Bening, ronan bring class to classic film

Annette Bening and Elisabeth Moss in a scene from the movie "The Seagull," based on Anton Chekhov's play.

Annette Bening and Elisabeth Moss in a scene from the movie "The Seagull," based on Anton Chekhov's play.

By Tom Jozwik

Published June 14, 2018

A number of well-known stage plays have ultimately found their way to movie houses, often with their scripts adapted into screenplays. The latest example, “The Seagull,” has been running in the Milwaukee metro area. A review of the film follows.

While Michael Mayer’s “The Seagull” isn’t for everybody, the movie will likely impress its target audience (presumably the “Masterpiece Theatre” crowd).

Based on Anton Chekhov’s celebrated 1895 drama, “The Seagull” is a quick study of well-delineated characters, the most prominent of them actresses portrayed by Annette Bening and Saoirse Ronan, and writers played by Billy Howle and Corey Stoll. (Ronan and Howle star in another recently released movie, “On Chesil Beach.”) “The Seagull’s” setting is summertime, at a country mansion.

The love of his life

Among a group of approximately a dozen upper class vacationers and their servants, just about everyone’s in love with someone other than the person who loves him or her. This creates cases of “loving with no hope,” as the alcoholic Masha, rendered by Elisabeth Moss, so perceptively puts it, and even sadder consequences.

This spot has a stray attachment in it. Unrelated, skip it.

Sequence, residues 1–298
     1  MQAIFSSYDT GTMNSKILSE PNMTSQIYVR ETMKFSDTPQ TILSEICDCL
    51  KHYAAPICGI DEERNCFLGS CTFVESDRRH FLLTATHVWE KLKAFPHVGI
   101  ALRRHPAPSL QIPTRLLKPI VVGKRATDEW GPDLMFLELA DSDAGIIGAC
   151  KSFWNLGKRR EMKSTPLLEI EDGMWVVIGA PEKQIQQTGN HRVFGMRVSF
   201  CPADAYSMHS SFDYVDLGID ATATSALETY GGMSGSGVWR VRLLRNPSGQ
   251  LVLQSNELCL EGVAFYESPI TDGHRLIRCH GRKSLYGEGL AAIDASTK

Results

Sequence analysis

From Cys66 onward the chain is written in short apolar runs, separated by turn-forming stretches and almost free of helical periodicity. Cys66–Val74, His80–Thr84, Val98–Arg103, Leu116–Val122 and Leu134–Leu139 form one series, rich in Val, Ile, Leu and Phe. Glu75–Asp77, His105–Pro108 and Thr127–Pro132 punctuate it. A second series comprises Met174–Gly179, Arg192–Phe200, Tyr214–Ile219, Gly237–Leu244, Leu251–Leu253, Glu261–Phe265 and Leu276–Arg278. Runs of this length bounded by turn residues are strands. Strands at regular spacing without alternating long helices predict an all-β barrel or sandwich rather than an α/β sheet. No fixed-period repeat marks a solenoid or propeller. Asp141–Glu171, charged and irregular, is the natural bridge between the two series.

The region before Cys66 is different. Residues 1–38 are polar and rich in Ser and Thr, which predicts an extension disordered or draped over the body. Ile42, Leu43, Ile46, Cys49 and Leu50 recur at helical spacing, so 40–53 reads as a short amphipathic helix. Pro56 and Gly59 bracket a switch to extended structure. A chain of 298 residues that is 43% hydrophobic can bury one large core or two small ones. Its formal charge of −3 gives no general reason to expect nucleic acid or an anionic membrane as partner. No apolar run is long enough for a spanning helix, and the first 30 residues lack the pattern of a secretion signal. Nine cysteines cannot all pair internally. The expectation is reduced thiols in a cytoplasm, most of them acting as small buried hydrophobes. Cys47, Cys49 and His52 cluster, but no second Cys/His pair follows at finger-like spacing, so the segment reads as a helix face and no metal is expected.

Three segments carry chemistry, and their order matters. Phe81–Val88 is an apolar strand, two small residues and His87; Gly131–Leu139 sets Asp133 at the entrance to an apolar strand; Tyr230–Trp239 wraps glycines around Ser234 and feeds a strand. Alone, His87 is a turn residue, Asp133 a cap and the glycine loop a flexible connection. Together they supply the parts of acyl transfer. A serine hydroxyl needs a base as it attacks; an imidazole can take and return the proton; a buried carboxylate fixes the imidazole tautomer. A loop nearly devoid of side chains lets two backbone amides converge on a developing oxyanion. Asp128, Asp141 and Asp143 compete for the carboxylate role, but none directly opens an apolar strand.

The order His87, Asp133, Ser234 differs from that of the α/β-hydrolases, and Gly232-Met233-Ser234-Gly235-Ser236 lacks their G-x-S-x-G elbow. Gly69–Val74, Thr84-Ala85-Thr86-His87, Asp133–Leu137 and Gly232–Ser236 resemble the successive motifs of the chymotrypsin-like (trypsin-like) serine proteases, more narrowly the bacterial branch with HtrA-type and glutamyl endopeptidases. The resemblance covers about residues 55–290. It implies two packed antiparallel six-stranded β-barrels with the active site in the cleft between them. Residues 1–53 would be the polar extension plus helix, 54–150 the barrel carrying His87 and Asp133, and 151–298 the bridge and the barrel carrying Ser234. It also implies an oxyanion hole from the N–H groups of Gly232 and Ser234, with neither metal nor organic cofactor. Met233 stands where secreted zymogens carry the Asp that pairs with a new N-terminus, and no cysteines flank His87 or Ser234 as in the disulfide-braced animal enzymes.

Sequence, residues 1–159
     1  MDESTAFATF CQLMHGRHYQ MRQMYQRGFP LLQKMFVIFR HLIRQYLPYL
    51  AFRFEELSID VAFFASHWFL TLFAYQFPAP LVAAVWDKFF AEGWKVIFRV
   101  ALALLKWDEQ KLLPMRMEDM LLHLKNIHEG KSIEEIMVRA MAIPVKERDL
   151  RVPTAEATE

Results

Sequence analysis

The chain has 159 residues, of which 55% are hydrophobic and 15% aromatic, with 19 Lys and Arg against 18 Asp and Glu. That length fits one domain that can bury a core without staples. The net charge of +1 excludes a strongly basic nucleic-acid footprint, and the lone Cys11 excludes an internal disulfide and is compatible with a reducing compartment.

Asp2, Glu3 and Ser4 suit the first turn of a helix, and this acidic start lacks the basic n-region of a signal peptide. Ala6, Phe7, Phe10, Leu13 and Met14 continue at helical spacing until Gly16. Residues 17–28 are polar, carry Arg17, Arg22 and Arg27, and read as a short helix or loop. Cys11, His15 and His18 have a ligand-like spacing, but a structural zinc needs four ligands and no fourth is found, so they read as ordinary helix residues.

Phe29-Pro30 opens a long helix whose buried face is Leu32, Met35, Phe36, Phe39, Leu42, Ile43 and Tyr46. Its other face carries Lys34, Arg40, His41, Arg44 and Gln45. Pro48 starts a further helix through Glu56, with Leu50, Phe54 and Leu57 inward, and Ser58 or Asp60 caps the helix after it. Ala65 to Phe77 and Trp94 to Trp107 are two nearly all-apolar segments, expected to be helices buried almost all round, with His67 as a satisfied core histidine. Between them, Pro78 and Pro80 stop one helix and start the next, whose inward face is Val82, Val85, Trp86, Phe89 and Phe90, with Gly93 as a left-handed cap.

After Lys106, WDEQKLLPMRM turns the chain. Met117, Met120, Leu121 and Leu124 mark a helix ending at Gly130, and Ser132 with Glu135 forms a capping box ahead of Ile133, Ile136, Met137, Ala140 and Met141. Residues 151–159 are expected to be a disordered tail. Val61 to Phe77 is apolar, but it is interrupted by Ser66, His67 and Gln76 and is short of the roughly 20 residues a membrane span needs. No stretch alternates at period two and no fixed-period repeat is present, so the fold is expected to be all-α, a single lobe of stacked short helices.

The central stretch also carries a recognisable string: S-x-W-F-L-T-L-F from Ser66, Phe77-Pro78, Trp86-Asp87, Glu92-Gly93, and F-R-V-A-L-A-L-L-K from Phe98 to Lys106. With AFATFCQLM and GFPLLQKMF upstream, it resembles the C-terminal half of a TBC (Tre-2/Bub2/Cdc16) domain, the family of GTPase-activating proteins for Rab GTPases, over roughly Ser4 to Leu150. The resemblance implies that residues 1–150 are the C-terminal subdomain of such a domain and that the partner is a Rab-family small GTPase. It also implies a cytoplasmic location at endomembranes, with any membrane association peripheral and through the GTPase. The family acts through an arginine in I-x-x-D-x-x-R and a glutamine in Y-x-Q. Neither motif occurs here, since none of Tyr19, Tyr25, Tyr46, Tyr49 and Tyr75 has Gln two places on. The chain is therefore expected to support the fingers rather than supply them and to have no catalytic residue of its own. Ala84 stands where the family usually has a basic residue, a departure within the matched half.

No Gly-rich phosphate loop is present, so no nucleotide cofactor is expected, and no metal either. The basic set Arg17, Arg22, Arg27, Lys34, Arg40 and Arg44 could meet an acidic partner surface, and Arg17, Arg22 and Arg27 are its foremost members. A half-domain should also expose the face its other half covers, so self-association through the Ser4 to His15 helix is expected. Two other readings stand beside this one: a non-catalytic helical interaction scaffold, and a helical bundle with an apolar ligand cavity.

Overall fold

Masha, one of the worker group, constantly wears black, explaining, “I’m in mourning for my life.” Trigorin (Stoll), famed writer of fiction whose cloying mistress and sugar mama is Bening’s Irina, admits to having “no will of my own” and to being “haunted” by an unforgiving need to put pen to paper. Irina refuses to face the onslaught of aging and can’t seem to curb her need to make nasty, hurtful comments to her playwright son, Konstantin (Howle). “You’re nobody,” she tells him at one point.

The love of the young playwright’s life, the budding thespian Nina who “makes (his) heart race” (Ronan), points out to Konstantin that “nothing happens in your plays,” that “everyone’s dead” in them. Maybe that’s why Nina eventually sets her bonnet for Trigorin; the celebrity author’s characters are, as one of his fellow vacationers puts it, decidedly “alive.”

Bening and Ronan 'intriguing'

Short scenes and some lovely orchestral renderings of classical pieces prove engrossing. The combination of lighter music and focal character shifts provide a surprising sense of movement to what could’ve been a dishwater-dull talkie. Screenwriter Stephen Karam’s contemporary language makes the Chekhovian drama more accessible, while somehow complementing the circa 1900 costumes.

The acting is probably at least as good as you’d find in a live professional production. Bening and Ronan are intriguing, playing characters very different from the ones they respectively portrayed in “20th Century Women” and “Lady Bird.” Stoll (TV’s “The Strain”) is ever watchable as the never-quite-satisfied Trigorin.

“The Seagull’s script,” notably, fires a few potshots at the institution Chekhov was helping to modernize. The “theatre’s trite and riddled with vulgarity,” Howle as Konstantin harrumphs early on.

But “The Seagull” on film is neither.

This film is rated PG-13.